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"The reason I'm so successful is because I use Chinese to control Chinese. They're lapdogs!"

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It is here that Hero first meets Bigot (Tsui Kam-Kong). Bigot is sitting with Mr. Peter, laughing over their deeds. Bigot steps out for a moment, and so stays alive when Hero extracts his revenge. Immediately afterwards, he must flee China, and hops on one of many coolie-smuggling ships heading to America, after saying goodbye to his girl and toady one last time.

This point also marks the last time in the film that the story is told from Hero Hua's point of view until the end. Although he is the hero of the film, the middle portion of the story is told from other points of view, so that we are put at a distance from Hero himself and he becomes more of a legendary figure than an actual one. A Man Called Hero is about Hero Hua, but it is more about the people whose lives are affected and change as a result of his actions.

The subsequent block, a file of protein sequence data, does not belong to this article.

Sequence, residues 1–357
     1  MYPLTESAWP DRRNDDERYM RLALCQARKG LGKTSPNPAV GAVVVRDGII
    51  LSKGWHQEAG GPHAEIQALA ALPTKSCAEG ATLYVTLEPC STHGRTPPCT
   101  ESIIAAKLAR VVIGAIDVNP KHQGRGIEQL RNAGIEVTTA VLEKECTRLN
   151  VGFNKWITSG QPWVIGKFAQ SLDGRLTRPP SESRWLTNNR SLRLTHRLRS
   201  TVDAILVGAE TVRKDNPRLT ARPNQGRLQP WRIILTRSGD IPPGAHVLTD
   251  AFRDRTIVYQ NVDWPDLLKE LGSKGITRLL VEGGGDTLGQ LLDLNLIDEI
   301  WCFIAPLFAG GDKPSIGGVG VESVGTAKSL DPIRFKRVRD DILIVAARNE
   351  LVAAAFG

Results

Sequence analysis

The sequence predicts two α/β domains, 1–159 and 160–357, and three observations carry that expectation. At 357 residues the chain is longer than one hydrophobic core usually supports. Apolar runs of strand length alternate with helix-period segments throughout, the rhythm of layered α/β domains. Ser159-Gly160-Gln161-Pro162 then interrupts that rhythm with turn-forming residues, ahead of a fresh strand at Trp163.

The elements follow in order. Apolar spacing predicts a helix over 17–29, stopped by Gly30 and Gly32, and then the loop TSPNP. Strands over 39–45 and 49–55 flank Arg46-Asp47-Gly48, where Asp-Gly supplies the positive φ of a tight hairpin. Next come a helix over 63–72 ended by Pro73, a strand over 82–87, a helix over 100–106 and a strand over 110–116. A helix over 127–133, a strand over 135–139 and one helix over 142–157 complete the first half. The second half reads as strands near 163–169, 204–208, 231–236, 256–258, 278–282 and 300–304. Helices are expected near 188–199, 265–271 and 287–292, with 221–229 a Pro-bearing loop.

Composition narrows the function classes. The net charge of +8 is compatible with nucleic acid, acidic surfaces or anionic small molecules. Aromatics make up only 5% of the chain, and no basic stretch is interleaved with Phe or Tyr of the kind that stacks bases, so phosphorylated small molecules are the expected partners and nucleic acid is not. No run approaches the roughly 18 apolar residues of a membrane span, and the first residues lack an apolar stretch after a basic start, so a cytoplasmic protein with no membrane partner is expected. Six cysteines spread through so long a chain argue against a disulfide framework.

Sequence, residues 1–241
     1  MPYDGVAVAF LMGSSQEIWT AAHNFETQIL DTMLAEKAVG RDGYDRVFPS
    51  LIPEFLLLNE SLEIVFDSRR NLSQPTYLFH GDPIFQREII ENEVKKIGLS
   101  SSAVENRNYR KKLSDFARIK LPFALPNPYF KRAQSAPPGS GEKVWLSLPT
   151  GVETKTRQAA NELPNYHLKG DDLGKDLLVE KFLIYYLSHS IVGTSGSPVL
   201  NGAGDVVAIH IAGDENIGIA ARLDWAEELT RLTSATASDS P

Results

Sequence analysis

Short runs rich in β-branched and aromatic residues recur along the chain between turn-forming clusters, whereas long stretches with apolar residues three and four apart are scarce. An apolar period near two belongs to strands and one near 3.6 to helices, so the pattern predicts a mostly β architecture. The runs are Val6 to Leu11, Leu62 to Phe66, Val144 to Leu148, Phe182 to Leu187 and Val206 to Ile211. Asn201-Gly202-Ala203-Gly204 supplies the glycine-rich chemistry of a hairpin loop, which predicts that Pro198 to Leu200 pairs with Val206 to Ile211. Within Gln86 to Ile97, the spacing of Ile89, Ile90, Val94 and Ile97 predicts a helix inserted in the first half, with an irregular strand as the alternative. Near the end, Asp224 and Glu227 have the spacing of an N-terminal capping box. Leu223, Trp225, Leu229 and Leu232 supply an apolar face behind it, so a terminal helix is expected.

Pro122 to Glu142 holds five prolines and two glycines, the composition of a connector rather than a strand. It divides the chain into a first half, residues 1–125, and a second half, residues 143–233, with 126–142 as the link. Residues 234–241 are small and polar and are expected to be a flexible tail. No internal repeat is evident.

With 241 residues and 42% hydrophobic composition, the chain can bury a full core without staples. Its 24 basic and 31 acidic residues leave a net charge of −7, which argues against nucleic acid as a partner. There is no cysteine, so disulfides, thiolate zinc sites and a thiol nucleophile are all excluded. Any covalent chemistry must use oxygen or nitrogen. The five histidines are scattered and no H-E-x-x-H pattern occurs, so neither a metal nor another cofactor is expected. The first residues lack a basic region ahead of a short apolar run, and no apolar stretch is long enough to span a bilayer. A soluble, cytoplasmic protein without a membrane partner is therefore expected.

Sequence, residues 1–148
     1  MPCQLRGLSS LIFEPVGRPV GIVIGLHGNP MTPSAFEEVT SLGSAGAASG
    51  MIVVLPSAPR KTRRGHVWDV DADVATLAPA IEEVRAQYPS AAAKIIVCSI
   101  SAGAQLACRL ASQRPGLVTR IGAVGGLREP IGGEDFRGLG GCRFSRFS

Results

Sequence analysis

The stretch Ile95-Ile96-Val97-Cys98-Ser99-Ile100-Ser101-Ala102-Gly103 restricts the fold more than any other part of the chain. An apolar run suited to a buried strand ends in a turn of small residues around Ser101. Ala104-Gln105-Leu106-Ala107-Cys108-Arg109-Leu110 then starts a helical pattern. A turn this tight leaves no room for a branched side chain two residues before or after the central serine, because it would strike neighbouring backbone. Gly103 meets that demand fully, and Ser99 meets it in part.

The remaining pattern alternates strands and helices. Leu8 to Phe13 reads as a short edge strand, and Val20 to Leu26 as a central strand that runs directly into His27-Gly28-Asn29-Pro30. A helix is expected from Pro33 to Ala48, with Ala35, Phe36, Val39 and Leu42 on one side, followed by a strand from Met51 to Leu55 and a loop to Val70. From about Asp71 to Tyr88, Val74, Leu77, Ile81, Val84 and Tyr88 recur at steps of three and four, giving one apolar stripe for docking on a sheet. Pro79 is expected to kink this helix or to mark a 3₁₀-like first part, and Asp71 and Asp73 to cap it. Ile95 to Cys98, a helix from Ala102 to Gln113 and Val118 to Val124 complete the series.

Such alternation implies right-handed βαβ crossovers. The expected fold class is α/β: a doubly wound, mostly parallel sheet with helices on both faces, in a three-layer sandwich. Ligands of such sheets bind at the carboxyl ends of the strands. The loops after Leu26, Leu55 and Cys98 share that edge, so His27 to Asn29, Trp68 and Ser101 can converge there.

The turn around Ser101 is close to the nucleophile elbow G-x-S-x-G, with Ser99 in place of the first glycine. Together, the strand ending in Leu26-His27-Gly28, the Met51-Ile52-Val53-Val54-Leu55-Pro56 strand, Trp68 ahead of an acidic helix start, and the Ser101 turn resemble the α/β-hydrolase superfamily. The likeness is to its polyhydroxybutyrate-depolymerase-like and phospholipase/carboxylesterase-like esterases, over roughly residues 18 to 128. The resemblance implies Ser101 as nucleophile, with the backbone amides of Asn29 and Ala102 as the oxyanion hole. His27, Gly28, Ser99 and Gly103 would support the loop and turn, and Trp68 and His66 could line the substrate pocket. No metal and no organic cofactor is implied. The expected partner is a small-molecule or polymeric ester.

Sixteen years later, Sheng brings Sword Hua, Hero's son, to America to try and find his father. They immediately go to China Hotel, in New York City's Chinatown. China Hotel has gone through a couple owners, all of whom honor the spirit of the hotel. It is a place of safety for Chinese immigrants, a welcoming place. They look after each other at China Hotel, and no one needs speak English for anything. Here at last we see another version of Chinatown, one from an immigrant perspective -- it is a place of safety and security and protection from the inhospitable outside world, which immediately intrudes on the safety of China Hotel in the form of a group of Caucasian guards, led by Bull (Jude Poyer). Bull demands that the hotel Boss (Yuen Biao) give up a monk who has retreated there for safety. But Boss would rather fight him than give up the monk. Everyone looks out for each other.